Besides the ‘obligatory’ paperwaste that is bound to happen, especially with old technology floating around, the food waste and every waste associated with the cafeteria is really mind boggling.  The students at my school all have styrofoam trays:  styrofoam–aka that tray won’t decompose for 2 billion years (slight exaggeration)!  I also usually see about half the food end up in the trashcan, and don’t get me started on the plastic bottles that have one sip taken out of them and then are chucked.

Certainly what colleges are doing with plastic trays is not feasible in an elementary school setting.  Most kids can barely balance their milk with their slice of pizza, much less have everything on one plate.  But reading the article made me hopeful that when these students move on to higher education, there might be even more environmentally friendly policies in place.

 

Harmony with Nature: Frank Lloyd Wright April 8, 2009

My fiancé and I took a day and a half trip up to Western Pennsylvania to stay at Nemacolin Resort and visit Frank Lloyd Wright’s FallingWater and Kentuck Knob.  Nemacolin was an interesting place:  a mishmash of a little bit of everything:  a world-class spa (which we enjoyed!), several different places to stay (A ‘château’, a ‘lodge’, and a 5 star resort:  Falling Rock, modeled after some of Wright’s design elements’).  It basically felt like an extremely rich person’s playground, except that for a fee, everyone else can play on it too!  This means two golf courses, ski slope, cross country skiing, snow tubing, pools, tennis, a shooting academy, a zoo, even a Hummer off roading course (yay?).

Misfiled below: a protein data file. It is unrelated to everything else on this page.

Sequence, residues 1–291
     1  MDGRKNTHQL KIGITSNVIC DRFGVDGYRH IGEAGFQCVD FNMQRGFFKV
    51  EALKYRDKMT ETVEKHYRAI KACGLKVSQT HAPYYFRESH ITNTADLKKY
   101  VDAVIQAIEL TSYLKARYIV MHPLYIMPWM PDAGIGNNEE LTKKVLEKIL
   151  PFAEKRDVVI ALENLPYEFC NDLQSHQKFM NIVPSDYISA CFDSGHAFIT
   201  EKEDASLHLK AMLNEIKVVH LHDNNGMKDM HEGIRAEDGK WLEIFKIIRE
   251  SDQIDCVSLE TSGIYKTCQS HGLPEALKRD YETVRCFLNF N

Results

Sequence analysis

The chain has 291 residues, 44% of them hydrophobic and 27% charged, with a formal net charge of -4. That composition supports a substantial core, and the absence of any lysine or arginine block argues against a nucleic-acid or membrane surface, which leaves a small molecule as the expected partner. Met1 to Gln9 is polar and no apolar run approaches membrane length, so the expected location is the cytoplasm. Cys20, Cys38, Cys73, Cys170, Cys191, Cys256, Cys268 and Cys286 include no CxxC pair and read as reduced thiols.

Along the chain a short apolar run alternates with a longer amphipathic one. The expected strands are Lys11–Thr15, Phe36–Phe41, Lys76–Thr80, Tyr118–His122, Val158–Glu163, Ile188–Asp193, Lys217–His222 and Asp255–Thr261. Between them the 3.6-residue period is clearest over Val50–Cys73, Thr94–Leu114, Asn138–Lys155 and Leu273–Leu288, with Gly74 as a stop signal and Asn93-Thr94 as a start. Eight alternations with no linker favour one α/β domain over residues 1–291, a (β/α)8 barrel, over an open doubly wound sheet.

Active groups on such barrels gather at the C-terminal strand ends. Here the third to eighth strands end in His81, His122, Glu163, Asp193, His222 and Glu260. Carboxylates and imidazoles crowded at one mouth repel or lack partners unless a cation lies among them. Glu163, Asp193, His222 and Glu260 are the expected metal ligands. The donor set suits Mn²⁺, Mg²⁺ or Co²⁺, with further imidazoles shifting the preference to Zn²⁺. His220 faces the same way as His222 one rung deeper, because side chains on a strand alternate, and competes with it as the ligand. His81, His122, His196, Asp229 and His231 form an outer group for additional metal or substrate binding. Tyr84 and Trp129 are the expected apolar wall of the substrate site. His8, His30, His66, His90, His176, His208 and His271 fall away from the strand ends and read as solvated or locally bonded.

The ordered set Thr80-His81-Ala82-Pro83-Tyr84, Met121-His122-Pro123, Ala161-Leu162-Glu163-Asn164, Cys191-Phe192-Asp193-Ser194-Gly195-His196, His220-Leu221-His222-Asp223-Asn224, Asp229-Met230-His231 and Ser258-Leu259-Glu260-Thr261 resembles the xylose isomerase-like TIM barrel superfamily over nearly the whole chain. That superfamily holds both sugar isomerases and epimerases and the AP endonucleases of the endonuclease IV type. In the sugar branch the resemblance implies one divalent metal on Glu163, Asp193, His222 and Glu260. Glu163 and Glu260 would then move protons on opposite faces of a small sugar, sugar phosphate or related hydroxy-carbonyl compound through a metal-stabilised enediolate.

My post isn’t about Nemacolin, because while it was fun, it was too confusing to be a ‘cheery observation’.

I instead choose to write a bit about Wright’s Falling Water and Kentuck Knob homes.  Recently re-opened for the season, they were both stunning for different reasons.
Frank Lloyd Wright
Falling Water was a weekend home commissioned by the Kaufmann family (owner of the Kaufmann department store) at a time when Frank Lloyd Wright had few commissions:  it was like a fresh start to a slightly stale career (at that stage) and he truly took a risk and went all out.  The Kaufmanns had wanted a weekend home with a view of the waterfall.  Frank gave them a home on TOP of the waterfall.  Finished in 1937, Falling Water is a home that fits with nature.  Whatever is happening on the outside is felt in the home—there is really no barrier to the outside world.  The house is designed for clear views of the water and of the trees; if one wants to see the sky, they have to go outside. This visual effect makes being inside disorienting.
Falling Water
The home starts with a huge main living space with wall-to-wall windows and stairs down to the river and the first of many decks.  The living quarters were designed to be more separate—each room’s main function is to look at nature and each room has an outdoor ‘deck’ bigger than the room itself.  The ceilings in these rooms are low, designed to draw your eye out.  The use of space is spectacular:  small bathrooms tucked in nooks, bookshelves and built in desks.  Wright constructed the home from all local materials–when I think about all of the cement in the building and the lack of modern cement mixers, I am baffled!  Wright took a risk and created a one-of-a kind home, a home that is a National Historic Landmark and is on the list to become a World Heritage site.